Blood Flow Restriction Training: The Science Behind the Trend
In looking for the newest training and recovery trends in the health and fitness world, we usually look toward the Olympics in hopes of seeing what the best athletes and trainers have been utilizing in the past year. In 2012 it was Kinesio Tape (KT Tape), supportive and stretchy strips of tape applied to painful areas; in 2016 it was Cupping Therapy, cups that use suction on the body to reduce tension and pain; and in the 2020 Tokyo Olympics, it was Blood Flow Restriction Training (BFR Training).
Although Olympians such as Swimmer, Michael Andrew, and Diver, Laura Wilkinson, have used BFR training, you don't have to be an athlete to reap the benefits.
The History of Blood Flow Restriction Training
Blood flow restriction training was first conceptualized by Yoshiaki Sato in 1966 when he felt numbness in his legs and realized that his circulation was being blocked. He then began to self-experiment with different bands and pressures on parts of his body, later on rehabilitating his knee injury through this blood flow restriction technique and muscle contraction (isometric) exercises. After achieving success, Sato obtained patents for his BFR training bands and established the blood flow restriction market, creating his brand named KAATSU. BFR training has hit the mainstream after the 2020 Olympics becoming a widely used training, recovery, and rehabilitation technique.
How Does Blood Flow Restriction Training Work?
BFR training is a technique that uses bands or tourniquets that cuff around your upper or lower limbs near the muscles you want to train. The band applies pressure to the cuffed area, reminiscent of a doctor taking your blood pressure, as you perform low-intensity resistance exercises while your blood flow is restricted. Under stress, releasing of hormones, hypoxia, and cell swelling can occur in the restricted muscles, resulting in a sped-up recovery process.
Any form of exercise, including BFR training, increases the release of human growth hormone (HGH), triggering growth in your body's muscle tissue and organs.
Hypoxia happens when there is a low level of oxygen in your body tissues which can improve your metabolism and endurance in BFR training.
BFR training restricts blood from leaving your muscles, causing the cells to swell, which results in muscle hypertrophy (the enlargement of an organ/tissue).
What Are the Benefits of BFR Training?
Now that we know how blood flow restriction training works, how can it help you? BFR training is an injury recovery and athletic training method that essentially gives you the same results as weightlifting, minus the strain.
Injury/Post-Surgery Recovery Method:
Many injuries occur due to muscle weakness; for example, a sprained ankle caused by weak lower leg muscles. Muscles can become weak from not being in use, such as in the case of those who are recovering from surgery and can't be as active as they were before. Blood flow restriction training can assist in both injury recovery and post-surgical recovery. A study was done in the Journal of Arthroscopy, Sports Medicine, and Rehabilitation that showed a significant increase in strength in the weakened muscles of post-surgical patients, as well as a decrease in pain of knee-pain sufferers, both of which BFR training was used in tandem with low-intensity exercise.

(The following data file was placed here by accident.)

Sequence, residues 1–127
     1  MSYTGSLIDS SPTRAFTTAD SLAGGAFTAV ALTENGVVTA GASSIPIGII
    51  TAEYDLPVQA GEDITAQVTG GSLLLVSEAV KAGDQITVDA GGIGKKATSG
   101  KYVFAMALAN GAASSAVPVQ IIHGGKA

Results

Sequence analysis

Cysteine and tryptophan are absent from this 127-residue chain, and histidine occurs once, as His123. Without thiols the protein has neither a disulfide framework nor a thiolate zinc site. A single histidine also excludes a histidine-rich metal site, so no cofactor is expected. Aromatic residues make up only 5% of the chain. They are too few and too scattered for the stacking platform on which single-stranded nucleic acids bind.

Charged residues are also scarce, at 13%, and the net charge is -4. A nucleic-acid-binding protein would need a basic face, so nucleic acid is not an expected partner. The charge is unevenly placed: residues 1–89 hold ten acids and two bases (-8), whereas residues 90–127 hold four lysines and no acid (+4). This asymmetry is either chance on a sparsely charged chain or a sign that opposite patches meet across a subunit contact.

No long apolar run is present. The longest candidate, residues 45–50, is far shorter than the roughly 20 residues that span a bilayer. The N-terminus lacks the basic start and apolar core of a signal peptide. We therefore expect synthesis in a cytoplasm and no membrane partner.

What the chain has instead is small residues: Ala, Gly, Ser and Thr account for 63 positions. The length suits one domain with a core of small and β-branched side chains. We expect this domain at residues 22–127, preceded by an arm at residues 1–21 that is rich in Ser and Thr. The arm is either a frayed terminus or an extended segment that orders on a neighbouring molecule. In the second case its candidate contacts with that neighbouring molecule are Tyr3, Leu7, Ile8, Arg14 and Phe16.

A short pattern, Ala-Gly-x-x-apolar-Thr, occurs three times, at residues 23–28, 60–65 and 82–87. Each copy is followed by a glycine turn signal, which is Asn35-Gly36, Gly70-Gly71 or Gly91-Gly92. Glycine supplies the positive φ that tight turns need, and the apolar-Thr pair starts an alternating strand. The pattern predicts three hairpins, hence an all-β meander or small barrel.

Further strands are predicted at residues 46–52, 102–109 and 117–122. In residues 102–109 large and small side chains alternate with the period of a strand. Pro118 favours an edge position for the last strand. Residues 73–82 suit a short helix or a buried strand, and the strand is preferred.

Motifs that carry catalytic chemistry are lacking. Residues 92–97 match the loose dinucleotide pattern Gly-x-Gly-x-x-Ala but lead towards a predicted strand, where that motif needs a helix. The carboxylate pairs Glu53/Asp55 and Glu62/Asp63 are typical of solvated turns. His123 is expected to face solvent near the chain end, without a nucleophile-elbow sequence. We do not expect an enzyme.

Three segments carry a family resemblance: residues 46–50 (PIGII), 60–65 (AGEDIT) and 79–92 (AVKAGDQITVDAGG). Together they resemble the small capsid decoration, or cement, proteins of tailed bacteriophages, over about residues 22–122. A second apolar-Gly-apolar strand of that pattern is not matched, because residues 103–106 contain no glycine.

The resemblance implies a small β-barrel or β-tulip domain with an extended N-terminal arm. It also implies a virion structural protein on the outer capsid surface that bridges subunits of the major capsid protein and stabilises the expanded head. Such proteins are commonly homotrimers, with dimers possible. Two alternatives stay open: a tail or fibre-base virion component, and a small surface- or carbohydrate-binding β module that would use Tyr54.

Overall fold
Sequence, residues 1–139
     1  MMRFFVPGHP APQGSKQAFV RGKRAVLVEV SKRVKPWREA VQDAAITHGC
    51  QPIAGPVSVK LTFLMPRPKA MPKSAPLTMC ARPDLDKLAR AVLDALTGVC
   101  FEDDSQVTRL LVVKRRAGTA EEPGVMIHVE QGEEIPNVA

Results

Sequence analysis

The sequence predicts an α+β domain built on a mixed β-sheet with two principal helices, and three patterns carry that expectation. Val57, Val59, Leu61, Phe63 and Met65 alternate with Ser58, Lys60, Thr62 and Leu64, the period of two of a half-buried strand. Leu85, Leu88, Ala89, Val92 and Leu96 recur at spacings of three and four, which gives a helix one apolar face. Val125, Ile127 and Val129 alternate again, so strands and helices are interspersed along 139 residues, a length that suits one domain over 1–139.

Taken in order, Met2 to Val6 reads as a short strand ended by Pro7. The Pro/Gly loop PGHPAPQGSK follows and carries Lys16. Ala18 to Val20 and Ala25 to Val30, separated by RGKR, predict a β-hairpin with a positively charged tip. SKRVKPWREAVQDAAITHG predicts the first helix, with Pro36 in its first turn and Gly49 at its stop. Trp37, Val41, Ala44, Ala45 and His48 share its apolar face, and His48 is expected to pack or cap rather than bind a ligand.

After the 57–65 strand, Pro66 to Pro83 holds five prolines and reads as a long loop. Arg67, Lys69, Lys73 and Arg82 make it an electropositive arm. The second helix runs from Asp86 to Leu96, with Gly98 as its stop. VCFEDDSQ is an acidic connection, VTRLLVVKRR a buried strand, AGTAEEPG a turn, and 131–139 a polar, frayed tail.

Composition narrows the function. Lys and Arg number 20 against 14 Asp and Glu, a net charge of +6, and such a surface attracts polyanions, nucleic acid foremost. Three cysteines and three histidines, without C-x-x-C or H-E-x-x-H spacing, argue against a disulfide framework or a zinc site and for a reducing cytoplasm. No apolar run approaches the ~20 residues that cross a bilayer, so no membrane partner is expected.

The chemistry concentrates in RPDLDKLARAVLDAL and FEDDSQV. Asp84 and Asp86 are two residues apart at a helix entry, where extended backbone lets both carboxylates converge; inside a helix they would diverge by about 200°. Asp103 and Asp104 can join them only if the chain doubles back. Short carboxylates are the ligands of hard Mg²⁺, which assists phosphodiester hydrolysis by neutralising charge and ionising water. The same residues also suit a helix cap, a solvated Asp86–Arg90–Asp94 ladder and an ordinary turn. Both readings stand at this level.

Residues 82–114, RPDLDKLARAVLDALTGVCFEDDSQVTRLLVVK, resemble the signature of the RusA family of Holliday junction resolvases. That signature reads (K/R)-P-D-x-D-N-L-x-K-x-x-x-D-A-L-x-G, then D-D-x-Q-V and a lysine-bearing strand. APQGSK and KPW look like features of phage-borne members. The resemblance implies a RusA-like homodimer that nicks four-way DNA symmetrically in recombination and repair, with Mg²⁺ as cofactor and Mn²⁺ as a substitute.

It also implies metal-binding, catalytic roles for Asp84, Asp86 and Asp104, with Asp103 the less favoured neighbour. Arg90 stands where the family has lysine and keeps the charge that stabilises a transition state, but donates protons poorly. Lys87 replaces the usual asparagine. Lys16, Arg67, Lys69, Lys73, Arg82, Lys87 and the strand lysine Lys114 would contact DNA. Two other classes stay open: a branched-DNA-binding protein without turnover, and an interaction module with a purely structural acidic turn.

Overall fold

Low-Intensity Strength Training:
Low-intensity exercise is a great way for people to reap the benefits of staying in shape without putting too much pressure on their joints. Low-intensity exercise is recommended for older adults, post-surgical patients, those recovering from an injury, and even athletes as mentioned earlier. BFR training utilized in conjunction with low-intensity exercise creates the perfect strength training program for those who either can't perform high-intensity movements or don't want to risk getting hurt. The restriction of your blood flow from the BFR bands essentially mimics resistance training, because your muscles have to work harder to get the movement done.
Increases Aerobic Capacity:
BFR training increases the body's ability to deliver oxygen to the muscles, which improves physical performance. This was demonstrated in a study where BFR bands were tested on ten healthy men. A cuff was used on only one leg of each man and they performed knee extension exercises four times a week, for four weeks. After the trial was over, the number of repetitions the men could do with their non-cuffed leg increased by 36%, and then by 63% in the BFR-cuffed leg.
Blood flow restriction training isn't for everyone; it's not suitable for people with certain conditions and disorders, such as blood clots. BFR training is best done under the guidance of a trained healthcare professional, such as a physical therapist.
Rehab United Seattle Offers Blood Flow Restriction Training!
Interested in BFR training? We offer this service! Schedule an evaluation to speak with a physical therapist about BFR training. Our staff is highly educated and trained to treat your conditions and provide the utmost care to get you back to feeling like yourself.
Ariela Liberman is a Marketing Associate and a staff writer for Rehab United, with a Bachelor of Arts in Media Studies. Born and raised in San Diego, she is a Southern California native with a passion for writing, digital marketing, health, and wellness.
Medically Reviewed by: Arturo Valle, PT, DPT, FAFS, CSCS, STMT-1, BFR-1, CCI,
Dr. Valle is a Physical Therapist, Clinic Director of Rehab United in Escondido, and Director of Rehab United’s Quality Assurance Program. As a graduate of USC’s Doctor of Physical Therapy Program, Dr. Valle has always emphasized the implementation of Evidence-Based Practice into all plans of care. Throughout his 12 years of experience, Dr. Valle has treated thousands of orthopedic-related and sports injuries and mentored countless Physical Therapists and Students of Physical Therapy.